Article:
M had beautiful native outfits for us to wear when we arrived, particularly for greeting. It solved our need to have clothes for the 90 degree days in Mali before we went to Paris which was 35 degrees when we arrived there a few days later. M has had many outfits made there because the designs on the fabrics are beautiful and fun. She has one with a black Jesus on it, another with symbols like “@,” another with hands one black and one white hand shaking, etc. It is definitely one of the best things to buy there and the different outfits and designs make the villages very colorful. R’s and V’s outfits were abstract patterns with matching scarves to wear around our heads (women are expected to cover their heads) and Paul’s had red ducks on it.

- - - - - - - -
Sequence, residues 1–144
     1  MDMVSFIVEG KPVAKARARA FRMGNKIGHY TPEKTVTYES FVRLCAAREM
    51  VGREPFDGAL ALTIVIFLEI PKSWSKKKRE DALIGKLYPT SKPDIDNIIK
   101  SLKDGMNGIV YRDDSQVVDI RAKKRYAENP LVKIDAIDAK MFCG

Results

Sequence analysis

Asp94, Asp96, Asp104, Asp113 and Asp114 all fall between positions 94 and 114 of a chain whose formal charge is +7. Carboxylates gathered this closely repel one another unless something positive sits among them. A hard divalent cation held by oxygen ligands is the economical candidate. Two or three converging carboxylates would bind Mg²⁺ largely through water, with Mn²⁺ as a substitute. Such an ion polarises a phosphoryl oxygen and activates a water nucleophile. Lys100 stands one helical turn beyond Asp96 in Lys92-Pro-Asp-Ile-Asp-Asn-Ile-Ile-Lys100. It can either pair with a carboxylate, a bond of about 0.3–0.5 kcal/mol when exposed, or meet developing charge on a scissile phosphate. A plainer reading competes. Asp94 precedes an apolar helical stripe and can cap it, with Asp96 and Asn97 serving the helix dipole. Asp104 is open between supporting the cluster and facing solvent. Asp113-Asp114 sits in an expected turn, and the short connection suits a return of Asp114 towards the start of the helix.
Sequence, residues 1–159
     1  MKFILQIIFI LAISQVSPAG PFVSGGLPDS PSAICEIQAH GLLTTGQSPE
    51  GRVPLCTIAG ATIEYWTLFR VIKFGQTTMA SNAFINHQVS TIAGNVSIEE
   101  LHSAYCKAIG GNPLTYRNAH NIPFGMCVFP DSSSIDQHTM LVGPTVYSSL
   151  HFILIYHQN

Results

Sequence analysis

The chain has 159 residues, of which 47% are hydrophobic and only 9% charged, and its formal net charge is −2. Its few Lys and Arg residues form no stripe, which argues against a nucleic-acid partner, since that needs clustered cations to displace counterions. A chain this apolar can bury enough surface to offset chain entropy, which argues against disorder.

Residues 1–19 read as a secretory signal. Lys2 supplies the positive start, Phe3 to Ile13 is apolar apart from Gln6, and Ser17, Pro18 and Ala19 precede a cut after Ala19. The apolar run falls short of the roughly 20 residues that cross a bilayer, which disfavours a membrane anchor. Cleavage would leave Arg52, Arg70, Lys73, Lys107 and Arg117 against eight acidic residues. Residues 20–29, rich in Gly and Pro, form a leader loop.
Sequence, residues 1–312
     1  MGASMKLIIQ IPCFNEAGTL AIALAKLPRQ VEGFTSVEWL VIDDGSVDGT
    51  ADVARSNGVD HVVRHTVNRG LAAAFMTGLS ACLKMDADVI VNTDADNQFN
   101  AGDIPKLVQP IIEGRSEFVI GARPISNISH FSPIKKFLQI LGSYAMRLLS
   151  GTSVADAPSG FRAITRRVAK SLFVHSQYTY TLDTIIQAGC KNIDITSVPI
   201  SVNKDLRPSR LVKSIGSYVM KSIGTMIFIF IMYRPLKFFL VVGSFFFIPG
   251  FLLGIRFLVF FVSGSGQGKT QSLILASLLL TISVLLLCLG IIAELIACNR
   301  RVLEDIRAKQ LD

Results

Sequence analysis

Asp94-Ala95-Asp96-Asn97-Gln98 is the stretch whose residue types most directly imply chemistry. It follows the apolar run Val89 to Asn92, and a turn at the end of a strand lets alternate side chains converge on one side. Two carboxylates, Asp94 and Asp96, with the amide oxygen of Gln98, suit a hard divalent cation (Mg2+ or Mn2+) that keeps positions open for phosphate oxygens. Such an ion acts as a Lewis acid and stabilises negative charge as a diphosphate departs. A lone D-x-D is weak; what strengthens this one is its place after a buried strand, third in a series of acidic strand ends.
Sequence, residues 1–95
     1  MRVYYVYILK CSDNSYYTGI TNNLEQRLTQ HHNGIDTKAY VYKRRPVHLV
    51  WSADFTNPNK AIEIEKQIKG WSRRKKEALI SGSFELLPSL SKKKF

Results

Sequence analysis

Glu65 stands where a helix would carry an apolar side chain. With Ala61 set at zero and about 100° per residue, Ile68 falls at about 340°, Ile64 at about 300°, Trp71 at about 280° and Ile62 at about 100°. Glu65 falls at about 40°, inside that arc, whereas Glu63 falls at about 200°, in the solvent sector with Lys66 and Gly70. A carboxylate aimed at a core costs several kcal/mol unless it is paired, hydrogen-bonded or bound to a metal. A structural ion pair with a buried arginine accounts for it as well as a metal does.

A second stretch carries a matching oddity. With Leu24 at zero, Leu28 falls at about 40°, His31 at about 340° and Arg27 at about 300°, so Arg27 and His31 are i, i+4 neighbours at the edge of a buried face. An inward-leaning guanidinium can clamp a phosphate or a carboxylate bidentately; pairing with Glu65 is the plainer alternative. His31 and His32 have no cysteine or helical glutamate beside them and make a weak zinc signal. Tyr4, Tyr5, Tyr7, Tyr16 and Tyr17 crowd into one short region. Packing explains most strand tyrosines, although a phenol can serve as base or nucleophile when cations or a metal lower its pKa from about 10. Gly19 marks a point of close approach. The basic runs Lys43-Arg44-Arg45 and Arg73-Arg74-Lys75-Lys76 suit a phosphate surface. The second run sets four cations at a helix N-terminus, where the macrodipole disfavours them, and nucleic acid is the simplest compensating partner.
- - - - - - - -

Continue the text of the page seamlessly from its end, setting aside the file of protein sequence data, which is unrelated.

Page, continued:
With all the groundwork laid by M, we felt immediately included – part of the clan. M amazed us with her command of Bambara, the language of W. Africa, after only 9 mos. there. She spoke easily and naturally in directing our driver, haggling in the marketplace, greeting everyone, joking with the villagers, etc. There is much to be said for visiting people in their own element. Americans deprived Africans of their dignity in the US, but Mali is their own and it shows in their relaxed attitude and acceptance of us when we get to know them (because they do not share our unfortunate American history). We will not forget Mariam and Yakuba who are respectively her host mother and father. Mam is lovely, quiet and dignified, yet approachable. Yakuba is outgoing and helpful and also a talented handyman who does repairs on M’s hut. He led us as we visited various important groups. We met Djenebou, the lovely and shy 20, Jennabu, year daughter of Mam who has a 6 month old daughter (Adam). She is married to a man who works in a restaurant in France and sends money back to her. We met Lala who was immediately friendly and eager to teach us Bambara. We planned to visit Mineta who had just had a baby. We were informed at the last minute that she had lost her baby that morning. Mineta was upbeat and friendly and little mention was made of her loss as is the Malian way. Loss of old people is mourned more openly, but little importance is given to the death of a baby. Batauma is an eight year old girl who works for the host family which has more to offer her than her own family. She carries Adam around on her back all day as she does other chores. She will even fetch water for M and make the very short trip to M’s hut with food, etc. M is particularly fond of Batouma and sometimes takes her places like the local marketplace and buys her small gifts. Musokoroba (which means old lady) was the most fun of all when we went to a dance put on in our honor. She is provocative and in your face (they call her crazy, but she is not; she has “tude”) as lead musician in a three lady combo. She seemed to make up the lyrics as we went along. There is a circular line dance that ends with those who are brave enough to go into the center and dance very fast with your posterior out. The four of us took turns doing this, including Paul who was the only male present!